It is quite true. Like everyone else, I should love to unearth a crock of Roman gold coins and we do live near to Roman remains.
To date, however, the most lovely thing I have dug up in the vegetable garden is a brass military button from the Staffordshire Regiment.
I have no idea how old it is but, as you can see, with a lot of hard work, it polished up beautifully and sits in pride of place on our sitting room mantlepiece. It would be lovely to think it was off the uniform of someone who lived in the house and was home on leave from fighting in one of the two world wars – and survived.
Patterns of nature
Nature is quite amazing. Take a look at the photograph of the log which I picked up in the woodshed. I have absolutely no idea which insect it was that made that delightful pattern as it feasted on the green moss but to recreate it, as a piece of decorative artwork, would cost an awful lot of money. We humans do think ourselves very clever – well many do – but when you find something like this it puts our role into perspective.
Learning from each other
Mrs GG and I have been watching one of the robins in our garden trying, in vain, to access the squirrel-proof sunflower heart feeders. The poor little thing tried and tried but simply could not manage it. He looked enviously on as the various tits, goldfinches and other birds made it look so simple.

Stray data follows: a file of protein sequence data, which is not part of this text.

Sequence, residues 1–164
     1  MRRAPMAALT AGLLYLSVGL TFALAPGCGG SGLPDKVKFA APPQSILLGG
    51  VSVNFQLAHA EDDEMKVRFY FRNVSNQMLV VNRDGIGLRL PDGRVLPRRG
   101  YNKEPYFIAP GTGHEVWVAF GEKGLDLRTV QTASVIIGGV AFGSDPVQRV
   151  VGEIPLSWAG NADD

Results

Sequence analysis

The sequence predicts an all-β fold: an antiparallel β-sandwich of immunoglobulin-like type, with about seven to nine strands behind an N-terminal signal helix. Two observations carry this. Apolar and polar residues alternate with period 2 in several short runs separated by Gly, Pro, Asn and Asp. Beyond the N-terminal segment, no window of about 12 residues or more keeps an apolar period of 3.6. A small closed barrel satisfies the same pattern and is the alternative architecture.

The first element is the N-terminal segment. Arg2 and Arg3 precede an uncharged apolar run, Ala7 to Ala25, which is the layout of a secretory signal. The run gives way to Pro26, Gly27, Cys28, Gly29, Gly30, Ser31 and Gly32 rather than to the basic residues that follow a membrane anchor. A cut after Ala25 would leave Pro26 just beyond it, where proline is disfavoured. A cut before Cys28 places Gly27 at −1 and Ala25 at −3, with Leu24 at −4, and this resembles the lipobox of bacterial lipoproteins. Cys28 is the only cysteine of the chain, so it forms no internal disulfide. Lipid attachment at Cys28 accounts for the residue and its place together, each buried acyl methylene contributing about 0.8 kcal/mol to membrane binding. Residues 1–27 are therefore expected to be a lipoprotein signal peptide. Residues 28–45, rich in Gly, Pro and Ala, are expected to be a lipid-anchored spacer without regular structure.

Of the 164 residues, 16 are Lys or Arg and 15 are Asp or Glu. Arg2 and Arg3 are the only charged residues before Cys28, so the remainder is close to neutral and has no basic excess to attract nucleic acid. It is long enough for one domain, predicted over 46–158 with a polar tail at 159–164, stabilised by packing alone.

Then, another robin simply flew up to the feeder, nipped inside and scoffed a fair quantity of sunflower hearts. Our poor little bird sat in the hedge and watched. We have no idea whether the two of them communicated but lo and behold, our previously not so nimble robin, learned the lesson and now he too is a regular visitor inside the feeder. We can learn a lot from nature.
Three years ago, I planted a long laurel hedge and to keep the young plants safe from marauding rabbits, who immediately started eating them, I erected a wire fence around the entire area. We called it the submarine and it was shaped like that.
Last weekend I decided it was time to remove the wire and make the hedge look part of the garden. But I did not take into account the strength of the grass that had grown through it. When putting it up, I carefully folded about 8 inches of wire flat onto the grass to stop the rabbits digging underneath. But my goodness, trying to get rid of it was a Herculean task.
At first, I simply tried to pull it up but the grass was far stronger, and I ripped the bottom off the wire and the flat area simply stayed put. In the end, I had to bring out the old grass hand clippers and push them under the wire and snip away. The hedge is about 70 yards long but, fortified by Mrs GG’s coffee, I completed the uncoupling in just over an hour.
When we put the laurels in they were a couple of feet tall and now, some of them are well over six feet so it is going to be a lovely hedge in a few years’ time and, I hope, home to a lot of wildlife.
The Grumpy Gardener
Read other blogs by Graham here: www.paskettpr.co.uk/the-grumpy-gardener